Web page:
By Andrew J. Sherman, Chantelle C. Egan, Anne R. Dana, and Patrick D. Joyce

Seyfarth Synopsis: As restaurant and hospitality consumers rethink their dining experiences, increased concerns are coming from food service providers about how to ensure food safety, reassure patrons, and address issues arising when workers get sick. The good news is that the food industry is already well-positioned because of its strict food safety standards.

Business owners and chefs need to consider how their business plans and business models need to shift, with a focus on delivery, catering, special events, and in-store promotions to keep facilities packed and tables turning. Restaurants and food service providers should also consider the below steps to help them prepare for Coronavirus-related issues.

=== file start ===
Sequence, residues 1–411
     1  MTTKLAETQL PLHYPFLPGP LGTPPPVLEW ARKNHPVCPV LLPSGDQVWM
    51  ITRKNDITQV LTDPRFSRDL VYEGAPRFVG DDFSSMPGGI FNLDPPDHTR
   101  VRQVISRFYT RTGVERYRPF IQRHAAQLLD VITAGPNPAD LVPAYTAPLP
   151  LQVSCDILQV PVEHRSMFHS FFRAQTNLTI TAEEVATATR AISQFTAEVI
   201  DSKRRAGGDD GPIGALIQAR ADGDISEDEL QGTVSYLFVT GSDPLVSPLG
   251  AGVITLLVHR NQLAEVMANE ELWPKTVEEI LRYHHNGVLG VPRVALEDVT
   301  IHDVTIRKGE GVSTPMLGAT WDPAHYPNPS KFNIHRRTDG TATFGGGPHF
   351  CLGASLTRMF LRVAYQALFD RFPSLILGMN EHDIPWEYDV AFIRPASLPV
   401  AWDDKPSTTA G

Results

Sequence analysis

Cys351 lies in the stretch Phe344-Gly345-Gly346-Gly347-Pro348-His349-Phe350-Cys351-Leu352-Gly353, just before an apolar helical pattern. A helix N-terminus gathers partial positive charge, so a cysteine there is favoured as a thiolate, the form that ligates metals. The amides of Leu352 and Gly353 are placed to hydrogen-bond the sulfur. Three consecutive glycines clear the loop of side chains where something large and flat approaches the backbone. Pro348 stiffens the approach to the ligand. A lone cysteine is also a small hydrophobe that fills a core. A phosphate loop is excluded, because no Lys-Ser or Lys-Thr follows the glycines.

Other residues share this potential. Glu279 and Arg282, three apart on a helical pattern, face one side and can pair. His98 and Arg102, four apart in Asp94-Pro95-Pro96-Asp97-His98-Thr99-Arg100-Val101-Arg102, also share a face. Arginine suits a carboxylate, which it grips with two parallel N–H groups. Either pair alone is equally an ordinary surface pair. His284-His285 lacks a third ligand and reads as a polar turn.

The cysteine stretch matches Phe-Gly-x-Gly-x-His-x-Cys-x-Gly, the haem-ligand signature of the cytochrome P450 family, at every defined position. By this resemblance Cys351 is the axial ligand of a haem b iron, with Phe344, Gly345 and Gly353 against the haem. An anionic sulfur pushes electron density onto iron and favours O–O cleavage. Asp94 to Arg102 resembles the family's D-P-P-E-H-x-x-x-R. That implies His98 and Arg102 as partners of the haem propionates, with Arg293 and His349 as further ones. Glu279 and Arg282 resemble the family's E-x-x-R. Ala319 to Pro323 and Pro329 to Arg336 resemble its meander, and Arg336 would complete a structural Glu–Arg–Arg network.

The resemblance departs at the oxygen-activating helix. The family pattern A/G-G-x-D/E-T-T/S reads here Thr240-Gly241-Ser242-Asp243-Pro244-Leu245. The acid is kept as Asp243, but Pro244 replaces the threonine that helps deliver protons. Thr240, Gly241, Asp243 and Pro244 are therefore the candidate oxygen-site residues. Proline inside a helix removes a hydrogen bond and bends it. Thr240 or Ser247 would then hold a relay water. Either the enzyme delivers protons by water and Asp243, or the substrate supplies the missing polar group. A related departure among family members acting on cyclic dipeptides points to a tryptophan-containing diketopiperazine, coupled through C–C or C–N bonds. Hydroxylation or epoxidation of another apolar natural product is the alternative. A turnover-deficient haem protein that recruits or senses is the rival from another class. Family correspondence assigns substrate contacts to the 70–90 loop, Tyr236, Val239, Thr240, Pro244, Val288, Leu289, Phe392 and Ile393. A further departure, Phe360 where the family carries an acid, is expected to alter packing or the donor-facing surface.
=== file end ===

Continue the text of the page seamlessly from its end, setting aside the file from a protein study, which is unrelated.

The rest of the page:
Planning Ahead

One of the most important things for any employer is putting a plan in place for how to address these new concerns.

  • Open communication with employees and patrons
    • Provide detailed information to employees about Coronavirus, including the symptoms, where they can go if they believe they are sick, what steps the restaurant is taking to ensure the safety of workers’ and patrons—as well as provide regular updates as the situation evolves. Information is one of the best ways to calm frayed nerves.
    • Post signage upon entering restaurants and open letters on websites, and send emails to patrons of enhanced cleaning and personal hygiene procedures and measures. If your restaurant offers paid sick leave and/or health insurance, use this as an opportunity to toot your own horn, while also assuring patrons that you have stressed the importance to employees to stay home if feeling sick.